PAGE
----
• The Business Model of Education: A Moral Bankruptcy & Looming Financial Disaster

    Calling a halt to on-campus operations and going totally online, thereby waiving on-campus fees, was the right, moral choice. And yet it was the option that this reckless system could never take, because those inflated fees were needed to pay the fixed costs of the business model. Without sufficient state funds, universities are reliant on federal grant money, which requires students to enroll. If online courses drive away even a fraction of those students, the house of cards will collapse. For the university to do the right thing would be financial suicide.

    The article’s title is misleading. The business model of education is the root problem, but it did not start with state universities. State governments — enthralled by neoliberalism, harried by zealotical anti-tax lobbyists & myopic voters — have spent forty years divesting from funding education as a public good, forcing public universities to rely on a mix of federal funding, out-of-state/international tuition, an amenities arms race, & ever-inflating service fees.

    I don’t agree with the article’s proposed solution, but something must be done in the wake of the havoc on budgets — state and university — that will follow the pandemic.

    Correctional, police, & military budgets bloat without restraint while the viability of the Post Office and public universities are jeopardized. One can only conclude American society cares more about imprisoning & killing people than we do connecting & educating them.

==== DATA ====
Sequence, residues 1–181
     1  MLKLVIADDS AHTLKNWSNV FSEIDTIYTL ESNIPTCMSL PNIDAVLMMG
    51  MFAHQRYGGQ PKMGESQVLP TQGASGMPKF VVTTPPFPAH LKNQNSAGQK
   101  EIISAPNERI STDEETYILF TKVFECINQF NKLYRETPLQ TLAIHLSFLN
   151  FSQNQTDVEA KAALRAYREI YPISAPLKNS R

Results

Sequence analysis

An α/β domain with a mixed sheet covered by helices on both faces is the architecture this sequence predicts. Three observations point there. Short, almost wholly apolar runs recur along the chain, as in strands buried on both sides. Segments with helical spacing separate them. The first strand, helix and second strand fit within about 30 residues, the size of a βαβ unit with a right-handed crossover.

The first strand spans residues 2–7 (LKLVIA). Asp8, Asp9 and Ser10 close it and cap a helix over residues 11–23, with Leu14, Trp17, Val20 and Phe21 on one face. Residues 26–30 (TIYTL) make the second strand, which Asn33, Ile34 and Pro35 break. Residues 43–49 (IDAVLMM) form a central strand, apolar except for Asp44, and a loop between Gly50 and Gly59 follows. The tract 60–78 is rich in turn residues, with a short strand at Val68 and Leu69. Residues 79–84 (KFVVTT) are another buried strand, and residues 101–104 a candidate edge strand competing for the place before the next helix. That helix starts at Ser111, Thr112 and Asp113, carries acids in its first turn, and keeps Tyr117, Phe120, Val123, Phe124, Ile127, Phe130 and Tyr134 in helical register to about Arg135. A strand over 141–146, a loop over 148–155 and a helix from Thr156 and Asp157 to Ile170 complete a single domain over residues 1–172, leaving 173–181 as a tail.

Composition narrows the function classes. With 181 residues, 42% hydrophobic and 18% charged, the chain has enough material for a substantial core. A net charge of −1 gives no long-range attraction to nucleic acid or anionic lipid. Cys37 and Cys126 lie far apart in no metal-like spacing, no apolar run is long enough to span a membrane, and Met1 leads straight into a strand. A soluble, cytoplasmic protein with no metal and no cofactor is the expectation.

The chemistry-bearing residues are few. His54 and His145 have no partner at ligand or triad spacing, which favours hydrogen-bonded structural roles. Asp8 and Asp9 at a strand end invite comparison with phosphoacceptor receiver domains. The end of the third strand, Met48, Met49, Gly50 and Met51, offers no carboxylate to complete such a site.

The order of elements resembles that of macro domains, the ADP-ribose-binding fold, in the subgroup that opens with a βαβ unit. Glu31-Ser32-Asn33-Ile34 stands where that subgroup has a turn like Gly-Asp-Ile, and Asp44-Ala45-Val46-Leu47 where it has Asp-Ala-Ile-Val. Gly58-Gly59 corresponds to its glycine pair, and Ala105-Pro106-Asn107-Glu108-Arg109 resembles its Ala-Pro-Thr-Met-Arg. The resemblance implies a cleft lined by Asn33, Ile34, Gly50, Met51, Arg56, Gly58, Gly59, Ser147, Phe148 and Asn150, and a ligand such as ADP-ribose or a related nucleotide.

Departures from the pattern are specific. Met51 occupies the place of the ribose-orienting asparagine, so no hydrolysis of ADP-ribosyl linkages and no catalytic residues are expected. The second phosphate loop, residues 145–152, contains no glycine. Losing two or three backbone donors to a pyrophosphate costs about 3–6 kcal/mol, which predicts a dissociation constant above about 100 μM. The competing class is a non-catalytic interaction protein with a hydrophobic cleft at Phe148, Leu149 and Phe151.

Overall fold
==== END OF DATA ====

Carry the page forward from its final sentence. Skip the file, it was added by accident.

The Corner That State Universities Have Backed Themselves Into | The Atlantic

  • Hallmark of Fascism

    Lawlessness in the name of law and order is the hallmark of fascism.

    ‘It’s Spooky Right Now’: Inside the Creepy Federal Crackdown on Portland Protesters | The Daily Beast

    Illegal abduction of protestors by Homeland Security agents deeply disturbs me — it erodes both the rule of law and legitimacy of government. More deployments appear imminent. That these agents’ non-sensical camouflage attire & lack of agency identification renders them indistinguishable from “federal troops” in the general public’s eyes is disquieting; this is a slow slide to de facto perception of martial law. Worse, the camo & non-affiliated look opens the door to similar abductions of citizens by non-government actors (“militia” & other domestic terrorist types).

  • James Mattis, the general I served under in Iraq (who later became Secretary of Defense), just compared the President to the Nazis in a public letter. He would not say it this way unless he was worried we are on the precipice of national political collapse.

  • My daughter is crying because she wants a sword and we had to tell her she’s a boot and doesn’t rate one.

  • Serving under a number of different superiors in the Marines taught me this lesson:

    Leadership ceases to have meaning when one equates possession of a title with possession of a trait.

    I continue to reflect on this periodically.

  • When Wisconsin called, they answered.

  • If I had stayed … I’d probably have ended up as a taxi driver or working in a kebab shop. So when a Royal Marines recruiter turned up at college and talked about the commando training and parachuting, my mum lost me to the military.

    Saddam Hussein: My part in his downfall|1843

  • My journey home from Iraq began 15 years ago:

    “Home” is a state of mind, nearly an abstract idea at this point, rather than a place, always on the horizon of realization, while the terrain between it and me plays tricks with perspective to make it seem closer or farther away.

  • Fifteen Years on the Journey Home | Driftless Meditations

subscribe via RSS